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America's Space Shuttle: Return to Launch Site (RTLS) Abort NASA Astronaut Training Manual (RTLS 2102)

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This unique and historic document provides extraordinary detail about the Space Shuttle's Return to Launch Site (RTLS) abort procedure. The official NASA astronaut training manuals comprised a major part of the formal flight crew training process, and were used by flight controllers as well. These internal NASA manuals were produced by the Mission Operations Directorate This unique and historic document provides extraordinary detail about the Space Shuttle's Return to Launch Site (RTLS) abort procedure. The official NASA astronaut training manuals comprised a major part of the formal flight crew training process, and were used by flight controllers as well. These internal NASA manuals were produced by the Mission Operations Directorate (Space Flight Training Division branch) at NASA's Johnson Space Center. The manuals and workbooks are extremely detailed and comprehensive, and are designed for self-study. A full listing of all acronyms and abbreviations used in the text is included. They provide a superb way to learn about Shuttle systems, hardware, and operational procedures. Special emphasis on crew interaction with the displays, controls, and hardware is included. If an engine fails during the first 4 minutes of ascent, the shuttle cannot achieve orbit. For the first 3 minutes or so of ascent, it cannot even reach a TAL. The only runway near enough to be reached is one near the launch site. In order to reach this runway, the shuttle must literally reverse course and fly back the way it came. The turn to reverse course is called powered pitcharound (PPA), and the timing of PPA is critically important. Since the orbiter is powerless once the main engines are shut down, these engines must be shut down when the orbiter has enough speed and altitude to glide to the runway. Also, in order to safely separate the orbiter from the ET, the ET should have no more than 2 percent propellant remaining. More propellant might slosh around and cause the tank to lurch and collide with the orbiter. Therefore, the shuttle must turn back toward the launch site at the exact instant that will allow it to arrive at MECO with the right amounts of speed, altitude, and propellant. If the RTLS is declared before the time of PPA, the shuttle has to perform what is called fuel wasting. This means pointing the shuttle more vertical (called lofting) to minimize loss of altitude while still flying away from the launch site and runway. This continues until the shuttle must execute PPA and turn back toward the launch site. From this point on, the shuttle thrusts back toward the runway until it reaches MECO conditions. These conditions are specified as 2 percent propellant remaining with the right speed, direction, and altitude to glide to a landing.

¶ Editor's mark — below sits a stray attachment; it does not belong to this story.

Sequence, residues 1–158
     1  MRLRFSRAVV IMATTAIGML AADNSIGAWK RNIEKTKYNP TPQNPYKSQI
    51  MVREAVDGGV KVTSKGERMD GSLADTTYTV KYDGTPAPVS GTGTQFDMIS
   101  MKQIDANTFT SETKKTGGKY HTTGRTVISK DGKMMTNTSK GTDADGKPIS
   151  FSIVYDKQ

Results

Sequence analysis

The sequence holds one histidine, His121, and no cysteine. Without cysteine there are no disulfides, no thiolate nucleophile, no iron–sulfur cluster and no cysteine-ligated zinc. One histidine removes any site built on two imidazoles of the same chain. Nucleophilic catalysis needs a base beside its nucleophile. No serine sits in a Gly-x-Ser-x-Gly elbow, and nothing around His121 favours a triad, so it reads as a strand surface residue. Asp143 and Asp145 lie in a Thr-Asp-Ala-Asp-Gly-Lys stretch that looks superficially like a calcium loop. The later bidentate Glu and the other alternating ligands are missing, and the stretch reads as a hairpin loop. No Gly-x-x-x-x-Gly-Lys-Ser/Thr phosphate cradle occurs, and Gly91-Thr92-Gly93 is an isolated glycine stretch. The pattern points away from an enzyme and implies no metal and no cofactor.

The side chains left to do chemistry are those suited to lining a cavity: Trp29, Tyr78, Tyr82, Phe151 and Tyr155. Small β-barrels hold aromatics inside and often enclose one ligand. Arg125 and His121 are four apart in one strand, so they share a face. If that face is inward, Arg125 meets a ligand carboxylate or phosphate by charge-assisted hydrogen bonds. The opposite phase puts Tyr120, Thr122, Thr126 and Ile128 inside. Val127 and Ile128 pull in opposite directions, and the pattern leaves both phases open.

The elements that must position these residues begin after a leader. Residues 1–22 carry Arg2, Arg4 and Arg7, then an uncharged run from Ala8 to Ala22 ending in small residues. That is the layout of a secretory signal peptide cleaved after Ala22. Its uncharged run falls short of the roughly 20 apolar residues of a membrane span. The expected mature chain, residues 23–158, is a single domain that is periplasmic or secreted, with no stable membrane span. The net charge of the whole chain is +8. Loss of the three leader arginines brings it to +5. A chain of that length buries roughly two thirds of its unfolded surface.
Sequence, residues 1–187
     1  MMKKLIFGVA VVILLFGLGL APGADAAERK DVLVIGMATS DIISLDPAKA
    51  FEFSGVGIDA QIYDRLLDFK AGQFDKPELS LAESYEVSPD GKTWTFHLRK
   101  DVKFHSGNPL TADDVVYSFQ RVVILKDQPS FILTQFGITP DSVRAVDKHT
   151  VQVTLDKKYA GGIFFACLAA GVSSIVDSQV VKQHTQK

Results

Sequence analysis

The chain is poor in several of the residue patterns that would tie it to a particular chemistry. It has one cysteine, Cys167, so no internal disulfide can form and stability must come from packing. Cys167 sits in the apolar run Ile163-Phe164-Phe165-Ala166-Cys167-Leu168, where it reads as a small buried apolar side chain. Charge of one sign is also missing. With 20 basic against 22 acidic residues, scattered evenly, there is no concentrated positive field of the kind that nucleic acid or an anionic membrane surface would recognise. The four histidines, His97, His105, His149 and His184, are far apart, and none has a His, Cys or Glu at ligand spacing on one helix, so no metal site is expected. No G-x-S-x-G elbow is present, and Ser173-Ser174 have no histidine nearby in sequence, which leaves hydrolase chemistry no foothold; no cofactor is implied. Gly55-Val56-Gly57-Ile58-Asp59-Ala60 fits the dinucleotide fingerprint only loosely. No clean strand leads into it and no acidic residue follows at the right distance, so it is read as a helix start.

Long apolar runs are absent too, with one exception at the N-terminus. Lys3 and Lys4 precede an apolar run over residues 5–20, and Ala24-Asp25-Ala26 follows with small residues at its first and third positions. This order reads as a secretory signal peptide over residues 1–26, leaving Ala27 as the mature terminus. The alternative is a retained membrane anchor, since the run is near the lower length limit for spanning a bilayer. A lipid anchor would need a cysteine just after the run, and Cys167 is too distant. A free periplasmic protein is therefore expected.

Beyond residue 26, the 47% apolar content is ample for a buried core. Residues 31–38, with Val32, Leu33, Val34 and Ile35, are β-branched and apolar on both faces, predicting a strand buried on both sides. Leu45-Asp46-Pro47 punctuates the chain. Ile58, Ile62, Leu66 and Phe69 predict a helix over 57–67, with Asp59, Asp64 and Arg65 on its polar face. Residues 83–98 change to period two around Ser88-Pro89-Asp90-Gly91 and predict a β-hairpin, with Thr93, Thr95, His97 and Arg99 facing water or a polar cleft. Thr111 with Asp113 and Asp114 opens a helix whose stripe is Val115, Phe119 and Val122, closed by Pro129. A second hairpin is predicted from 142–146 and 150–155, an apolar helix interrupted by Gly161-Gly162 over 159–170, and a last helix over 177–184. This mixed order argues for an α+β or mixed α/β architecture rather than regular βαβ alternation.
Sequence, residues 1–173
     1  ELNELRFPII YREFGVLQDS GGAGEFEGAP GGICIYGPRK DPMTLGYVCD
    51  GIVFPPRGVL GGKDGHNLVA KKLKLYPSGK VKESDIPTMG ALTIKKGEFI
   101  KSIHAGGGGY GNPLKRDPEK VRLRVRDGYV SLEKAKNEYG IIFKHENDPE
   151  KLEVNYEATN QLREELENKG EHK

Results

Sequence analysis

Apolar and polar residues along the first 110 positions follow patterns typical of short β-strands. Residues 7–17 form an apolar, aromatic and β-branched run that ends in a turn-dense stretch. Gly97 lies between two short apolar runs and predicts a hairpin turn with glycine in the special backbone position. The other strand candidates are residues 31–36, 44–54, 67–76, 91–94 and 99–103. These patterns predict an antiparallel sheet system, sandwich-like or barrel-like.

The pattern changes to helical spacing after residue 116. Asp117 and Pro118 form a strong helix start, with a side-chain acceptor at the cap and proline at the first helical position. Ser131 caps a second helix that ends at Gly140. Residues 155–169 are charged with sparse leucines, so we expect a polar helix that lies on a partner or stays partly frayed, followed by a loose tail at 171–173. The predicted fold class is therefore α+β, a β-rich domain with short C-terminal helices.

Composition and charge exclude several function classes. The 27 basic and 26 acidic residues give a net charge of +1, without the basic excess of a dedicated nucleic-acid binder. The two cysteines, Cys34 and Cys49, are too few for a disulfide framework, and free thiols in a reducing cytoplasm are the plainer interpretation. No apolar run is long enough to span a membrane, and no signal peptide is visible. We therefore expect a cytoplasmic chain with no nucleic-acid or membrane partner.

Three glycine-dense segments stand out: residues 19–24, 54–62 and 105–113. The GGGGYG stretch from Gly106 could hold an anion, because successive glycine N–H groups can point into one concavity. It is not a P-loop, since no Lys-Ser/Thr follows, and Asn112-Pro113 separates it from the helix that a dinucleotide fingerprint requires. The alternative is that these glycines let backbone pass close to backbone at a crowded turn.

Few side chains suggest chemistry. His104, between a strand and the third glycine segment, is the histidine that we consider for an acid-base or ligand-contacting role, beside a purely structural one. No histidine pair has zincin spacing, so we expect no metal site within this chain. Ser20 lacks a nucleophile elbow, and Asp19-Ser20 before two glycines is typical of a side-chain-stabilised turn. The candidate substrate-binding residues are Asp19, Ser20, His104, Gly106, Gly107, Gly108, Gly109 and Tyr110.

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This unique and historic document provides extraordinary detail about the Space Shuttle's Return to Launch Site (RTLS) abort procedure. The official NASA astronaut training manuals comprised a major part of the formal flight crew training process, and were used by flight controllers as well. These internal NASA manuals were produced by the Mission Operations Directorate This unique and historic document provides extraordinary detail about the Space Shuttle's Return to Launch Site (RTLS) abort procedure. The official NASA astronaut training manuals comprised a major part of the formal flight crew training process, and were used by flight controllers as well. These internal NASA manuals were produced by the Mission Operations Directorate (Space Flight Training Division branch) at NASA's Johnson Space Center. The manuals and workbooks are extremely detailed and comprehensive, and are designed for self-study. A full listing of all acronyms and abbreviations used in the text is included. They provide a superb way to learn about Shuttle systems, hardware, and operational procedures. Special emphasis on crew interaction with the displays, controls, and hardware is included. If an engine fails during the first 4 minutes of ascent, the shuttle cannot achieve orbit. For the first 3 minutes or so of ascent, it cannot even reach a TAL. The only runway near enough to be reached is one near the launch site. In order to reach this runway, the shuttle must literally reverse course and fly back the way it came. The turn to reverse course is called powered pitcharound (PPA), and the timing of PPA is critically important. Since the orbiter is powerless once the main engines are shut down, these engines must be shut down when the orbiter has enough speed and altitude to glide to the runway. Also, in order to safely separate the orbiter from the ET, the ET should have no more than 2 percent propellant remaining. More propellant might slosh around and cause the tank to lurch and collide with the orbiter. Therefore, the shuttle must turn back toward the launch site at the exact instant that will allow it to arrive at MECO with the right amounts of speed, altitude, and propellant. If the RTLS is declared before the time of PPA, the shuttle has to perform what is called fuel wasting. This means pointing the shuttle more vertical (called lofting) to minimize loss of altitude while still flying away from the launch site and runway. This continues until the shuttle must execute PPA and turn back toward the launch site. From this point on, the shuttle thrusts back toward the runway until it reaches MECO conditions. These conditions are specified as 2 percent propellant remaining with the right speed, direction, and altitude to glide to a landing.

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